Logos is the Greek term translated as “word,” “speech,” “principle,” or “thought.” In Greek philosophy, it also referred to a universal, divine reason or the mind of God.
In the New Testament, the Gospel of John begins, “In the beginning was the Word, and the Word was with God, and the Word was God. He was in the beginning with God. All things were made through him, and without him was not any thing made that was made. In him was life, and the life was the light of men” (John 1:1-4). Here it is clear that the “Word” or Logos is a reference to Jesus Christ.
John argues that Jesus, the Word or Logos, is eternal and is God. Further, all creation came about by and through Jesus, who is presented as the source of life. Amazingly, this Logos came and lived among us: “And the Word became flesh and dwelt among us, and we have seen his glory, glory as of the only Son from the Father, full of grace and truth” (John 1:14).
John’s Gospel begins by using the Greek idea of a “divine reason” or “the mind of God” as a way to connect with the readers of his day and introduce Jesus to them as God. Greek philosophy may have used the word in reference to divine reason, but John used it to note many of the attributes of Jesus. In John’s use of the Logos concept, we find that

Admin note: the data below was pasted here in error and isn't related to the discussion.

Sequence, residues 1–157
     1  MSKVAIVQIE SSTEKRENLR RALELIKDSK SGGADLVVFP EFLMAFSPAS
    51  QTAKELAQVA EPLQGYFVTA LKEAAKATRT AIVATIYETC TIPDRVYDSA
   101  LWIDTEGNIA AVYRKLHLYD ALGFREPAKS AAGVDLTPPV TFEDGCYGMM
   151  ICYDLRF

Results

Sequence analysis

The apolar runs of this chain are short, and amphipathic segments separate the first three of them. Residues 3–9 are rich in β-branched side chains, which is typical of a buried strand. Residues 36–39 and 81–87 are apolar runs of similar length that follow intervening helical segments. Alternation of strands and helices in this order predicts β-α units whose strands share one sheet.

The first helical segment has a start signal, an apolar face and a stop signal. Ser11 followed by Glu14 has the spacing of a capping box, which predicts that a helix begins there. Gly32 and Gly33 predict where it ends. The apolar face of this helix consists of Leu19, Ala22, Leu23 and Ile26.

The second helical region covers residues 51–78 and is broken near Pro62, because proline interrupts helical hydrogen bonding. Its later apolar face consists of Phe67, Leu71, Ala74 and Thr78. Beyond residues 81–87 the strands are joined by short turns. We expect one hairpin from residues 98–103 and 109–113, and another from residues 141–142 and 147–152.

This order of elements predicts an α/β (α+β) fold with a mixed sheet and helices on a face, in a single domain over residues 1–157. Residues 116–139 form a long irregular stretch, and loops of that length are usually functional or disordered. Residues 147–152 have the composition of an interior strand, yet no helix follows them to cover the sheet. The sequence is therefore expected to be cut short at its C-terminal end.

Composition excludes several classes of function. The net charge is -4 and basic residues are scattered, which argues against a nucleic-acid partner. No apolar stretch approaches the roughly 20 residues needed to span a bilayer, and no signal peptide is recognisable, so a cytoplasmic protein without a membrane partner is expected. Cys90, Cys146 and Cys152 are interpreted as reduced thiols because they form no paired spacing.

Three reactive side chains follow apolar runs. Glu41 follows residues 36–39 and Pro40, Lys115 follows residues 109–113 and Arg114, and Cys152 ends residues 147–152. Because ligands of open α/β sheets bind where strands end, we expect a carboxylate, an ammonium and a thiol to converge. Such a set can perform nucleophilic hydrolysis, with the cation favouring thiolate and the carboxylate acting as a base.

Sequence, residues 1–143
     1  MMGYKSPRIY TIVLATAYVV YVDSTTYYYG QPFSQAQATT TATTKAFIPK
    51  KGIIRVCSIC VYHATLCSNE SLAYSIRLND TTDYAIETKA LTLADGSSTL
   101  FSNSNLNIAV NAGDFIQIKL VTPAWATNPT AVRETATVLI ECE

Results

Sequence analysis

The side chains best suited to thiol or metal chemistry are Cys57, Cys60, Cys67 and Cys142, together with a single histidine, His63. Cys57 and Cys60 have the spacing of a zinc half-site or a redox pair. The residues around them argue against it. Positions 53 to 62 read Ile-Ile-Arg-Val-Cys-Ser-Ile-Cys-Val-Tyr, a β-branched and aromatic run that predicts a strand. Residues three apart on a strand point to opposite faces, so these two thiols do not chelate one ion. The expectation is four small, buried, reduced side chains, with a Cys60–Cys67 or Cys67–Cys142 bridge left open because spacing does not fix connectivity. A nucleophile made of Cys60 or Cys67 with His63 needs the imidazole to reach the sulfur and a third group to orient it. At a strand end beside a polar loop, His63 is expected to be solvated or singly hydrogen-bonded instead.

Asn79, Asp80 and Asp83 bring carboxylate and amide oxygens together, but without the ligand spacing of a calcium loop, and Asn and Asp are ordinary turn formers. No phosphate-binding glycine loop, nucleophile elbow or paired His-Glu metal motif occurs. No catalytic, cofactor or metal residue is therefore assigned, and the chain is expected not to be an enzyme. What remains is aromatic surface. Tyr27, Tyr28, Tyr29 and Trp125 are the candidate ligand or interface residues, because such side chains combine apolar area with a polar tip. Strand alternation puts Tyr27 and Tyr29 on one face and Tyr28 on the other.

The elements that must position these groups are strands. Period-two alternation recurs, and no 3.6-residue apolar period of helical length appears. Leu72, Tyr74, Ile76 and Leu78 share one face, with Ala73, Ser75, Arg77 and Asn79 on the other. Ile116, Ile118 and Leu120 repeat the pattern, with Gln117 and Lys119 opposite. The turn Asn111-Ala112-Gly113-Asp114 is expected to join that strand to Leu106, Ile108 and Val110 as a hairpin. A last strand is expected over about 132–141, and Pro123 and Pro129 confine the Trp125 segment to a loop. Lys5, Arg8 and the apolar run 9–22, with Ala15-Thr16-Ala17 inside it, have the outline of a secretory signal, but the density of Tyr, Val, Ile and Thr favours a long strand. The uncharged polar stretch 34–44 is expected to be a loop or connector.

-Jesus is eternal (“In the beginning was the Word”)
-Jesus was with God prior to coming to earth (“the Word was with God”)
-Jesus is God (“the Word was God.”)
-Jesus is Creator (“All things were made through him”)
-Jesus is the Giver of Life (“In him was life”)
-Jesus became human to live among us (“the Word became flesh and dwelt among us”)
Further, the opening of John’s Gospel carries a striking resemblance to Genesis 1:1.
“In the beginning, God created the heavens and the earth” (Genesis 1:1).
“In the beginning was the Word, and the Word was with God, and the Word was God. He was in the beginning with God. All things were made through him…” (John 1:1).
Logos is used in many ways, yet in John’s Gospel Logos is a clear reference to Jesus, the God who both created us and lived among us. Logos became a theological term important to Christians in the early church and remains a concept of significant influence today.